This last weekend I started yet another formal qualification, it’s a subject that I love and I know it will add value to my clients, and even though the timing wasn’t quite right, six months too early really, I’ve jumped in with both feet, shuffled my diary and my life around a bit and I’m making it happen.
My Dad, now 75, is a lifelong learner and I’ve definitely got the bug from him. When I’m not involved in formal training, and that’s actually quite rare, especially over the last five years, because, well PhD, I’ve got my head in a book, I’m watching videos and listening to podcasts, I’m learning about other people, I’m attending workshops or I’m doing something as simple, or so it sounds, as learning a new recipe. Although we’ve learnt that when disaster bakes or meals occur in the kitchen that we just call them an experiment and move on.
Whilst enjoying some downtime over the weekend, yes I squeeze that in too, I started to think about the value of learning. Why do some of us embrace it and others don’t? Why are so many millions of pounds spent each year on leadership development, and we’re still not really seeing the traction we need in terms of all leaders actually developing? And during this downtime, two particular events sprung to mind.
One was quite a few years ago. I’d been asked to submit a proposal for a company to deliver its leadership development. Proposal submitted I was invited to meet with the HRD and CEO to discuss my proposal. After quite a lengthy wait in reception, I was invited through to the Boardroom when the CEO didn’t look up, didn’t welcome me, just said her name and asked me to take a seat – I could tell this would be an amazing meeting. The HRD ran through the ‘agenda’ for the meeting and asked me to present my ideas. I’d only said about five words and the CEO’s head shot up and she started to speak.
She wanted to know why, given that all of her leaders had been trained and developed at Ashridge, Roffey Park and many other leading institutes, that I felt I was qualified and experienced to work with her and her team. And, what I would deliver that would mean for the very first time in history her FD would put his phone down and actually engage in a programme instead of being in the room but not actually present.
We had quite an interesting debate about why I was thereafter submitting my proposal, what I felt I could do differently, what was missing from the prestigious programmes already delivered, and, why a leadership culture would allow anyone to dismiss development by being in a room but not actually present and where else this was showing up in the business, and, why a leader would be so dismissive of a development opportunity.
Needless to say, I wasn’t a fit for them and they weren’t a fit for me.
The second memory was a trip to Uganda with Hope for Justice and delivering workshops with two people are now two of my favourite humans, Ian Pettigrew and David Faulkner. This was a volunteering trip and we were giving our time and experience to deliver workshops to managers and staff to help them to better lead their teams which would then allow the centres to be run more effectively. I’ll add at this point that all staff and all centres already do incredible work. I actually think we learnt more from them than they did from us, they disagree.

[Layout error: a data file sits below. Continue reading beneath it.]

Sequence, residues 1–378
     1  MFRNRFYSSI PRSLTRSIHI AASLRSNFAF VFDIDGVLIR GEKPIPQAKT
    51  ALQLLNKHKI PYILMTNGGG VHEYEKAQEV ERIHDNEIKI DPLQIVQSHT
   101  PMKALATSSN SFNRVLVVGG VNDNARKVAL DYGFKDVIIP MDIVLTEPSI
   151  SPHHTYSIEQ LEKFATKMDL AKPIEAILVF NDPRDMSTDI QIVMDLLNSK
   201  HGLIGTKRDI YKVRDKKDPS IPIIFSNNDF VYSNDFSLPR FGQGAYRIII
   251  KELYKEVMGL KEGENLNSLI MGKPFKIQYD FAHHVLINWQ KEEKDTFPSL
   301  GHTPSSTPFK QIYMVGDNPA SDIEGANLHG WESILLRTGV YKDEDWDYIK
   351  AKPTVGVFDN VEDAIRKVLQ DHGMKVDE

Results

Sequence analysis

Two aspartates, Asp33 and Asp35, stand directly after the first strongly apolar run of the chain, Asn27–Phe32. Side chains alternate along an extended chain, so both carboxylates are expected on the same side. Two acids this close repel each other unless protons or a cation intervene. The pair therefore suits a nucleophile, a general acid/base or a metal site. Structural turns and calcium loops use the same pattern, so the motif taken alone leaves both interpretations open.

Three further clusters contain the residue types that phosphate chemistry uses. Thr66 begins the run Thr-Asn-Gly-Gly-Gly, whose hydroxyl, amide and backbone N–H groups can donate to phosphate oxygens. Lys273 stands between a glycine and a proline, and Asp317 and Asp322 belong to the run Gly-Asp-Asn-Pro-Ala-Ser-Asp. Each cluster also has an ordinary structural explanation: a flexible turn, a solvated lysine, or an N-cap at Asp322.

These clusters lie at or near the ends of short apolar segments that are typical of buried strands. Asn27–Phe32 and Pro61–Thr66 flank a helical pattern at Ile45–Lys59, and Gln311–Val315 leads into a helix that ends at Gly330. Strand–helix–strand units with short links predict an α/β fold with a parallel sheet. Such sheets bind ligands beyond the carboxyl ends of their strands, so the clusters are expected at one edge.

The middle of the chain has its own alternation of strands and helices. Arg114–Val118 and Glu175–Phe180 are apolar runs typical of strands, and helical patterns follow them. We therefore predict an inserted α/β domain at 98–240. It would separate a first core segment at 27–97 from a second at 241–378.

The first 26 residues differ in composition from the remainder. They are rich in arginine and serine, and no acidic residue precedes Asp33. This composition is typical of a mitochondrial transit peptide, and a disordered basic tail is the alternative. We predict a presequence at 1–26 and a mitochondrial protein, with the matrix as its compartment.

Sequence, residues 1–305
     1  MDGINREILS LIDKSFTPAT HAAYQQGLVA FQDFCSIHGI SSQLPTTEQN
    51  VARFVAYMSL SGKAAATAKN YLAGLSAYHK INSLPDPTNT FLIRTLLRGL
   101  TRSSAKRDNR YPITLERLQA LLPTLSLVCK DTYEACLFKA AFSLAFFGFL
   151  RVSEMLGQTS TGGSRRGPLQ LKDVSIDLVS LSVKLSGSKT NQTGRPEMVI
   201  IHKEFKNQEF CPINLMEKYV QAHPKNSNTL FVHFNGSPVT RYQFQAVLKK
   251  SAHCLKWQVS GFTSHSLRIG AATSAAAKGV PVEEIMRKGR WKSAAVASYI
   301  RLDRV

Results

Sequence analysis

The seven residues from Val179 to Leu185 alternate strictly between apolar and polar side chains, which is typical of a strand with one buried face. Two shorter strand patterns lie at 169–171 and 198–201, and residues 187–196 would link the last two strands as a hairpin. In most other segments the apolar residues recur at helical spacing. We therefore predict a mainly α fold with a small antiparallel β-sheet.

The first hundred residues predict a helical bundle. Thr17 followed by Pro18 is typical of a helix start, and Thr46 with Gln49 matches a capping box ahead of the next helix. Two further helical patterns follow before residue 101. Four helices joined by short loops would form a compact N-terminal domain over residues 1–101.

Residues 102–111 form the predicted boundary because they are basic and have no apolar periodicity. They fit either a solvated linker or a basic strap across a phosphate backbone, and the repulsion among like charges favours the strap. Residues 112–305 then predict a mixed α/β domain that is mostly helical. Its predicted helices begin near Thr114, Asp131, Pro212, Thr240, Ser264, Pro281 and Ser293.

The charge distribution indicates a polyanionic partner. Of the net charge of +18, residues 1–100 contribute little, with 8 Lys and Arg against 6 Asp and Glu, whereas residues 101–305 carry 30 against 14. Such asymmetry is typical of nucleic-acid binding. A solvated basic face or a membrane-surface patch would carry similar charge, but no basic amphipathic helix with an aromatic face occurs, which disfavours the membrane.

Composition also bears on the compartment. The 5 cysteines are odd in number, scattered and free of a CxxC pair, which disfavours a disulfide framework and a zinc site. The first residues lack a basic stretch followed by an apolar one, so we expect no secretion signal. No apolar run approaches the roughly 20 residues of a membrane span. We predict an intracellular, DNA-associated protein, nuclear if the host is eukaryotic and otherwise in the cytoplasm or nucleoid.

Some of the workshops we ran, were on what many of us may assume to be ‘basic’ skills; coaching skills, goal setting and others, and yet the way the sessions were embraced was like nothing I had seen or experienced before. Everyone in the room was engaged. When it came to practising coaching skills, they wanted to do more. At one point we thought the one guy at the front who was typing away on his laptop was actually just catching up on emails until we discovered he was noting down everything we were saying on to a PowerPoint to share with his team when he got back to this base.
On the second day of workshops, we were met with progress reports of what they had already implemented or changed from day one and how it would help them. Something I didn’t even realise I had said, had, after two days changed the way one of the guys was communicating by his week, by the Friday he said it had already transformed the relationship with his wife and daughter. The goals they were setting they were getting excited about, telling us with great pleasure how many more vulnerable children they could support if they met these goals, and some of their targets were enormous, but they keep on smashing them, and they keep on saving lives and reuniting families.
And so my reflection continued.
When education is seen as a privilege, something that you have to pay for and that your families have to work hard for, does that put a different value on education than when it’s free?
When education and training is so readily available and something we can access at the click of a button, does that mean we devalue that which we have to pay for?
If we dismiss training and learning as a task we have to do that is stopping us from doing our day job, are we missing opportunities for growth?
If ego gets in the way and we think we know it all, how does this show up in our leadership and across our companies?
Do we focus enough on the outcomes of learning when we start designing and delivering training? Could we place more emphasis on this to engage our audience sooner? It may not all be life-changing but if there is a purpose to our work then surely there must be a purpose in our learning?
Is learning always the last thing we prioritise when potentially it should be one of the first?
What value do you place on learning and how does learning add more value to you?
She leads and coaches with an open heart, an open mind and has the courage to challenge the status quo and do things differently so that we can all love our roles, find balance in our lives and so that we can all change the world of work for the better.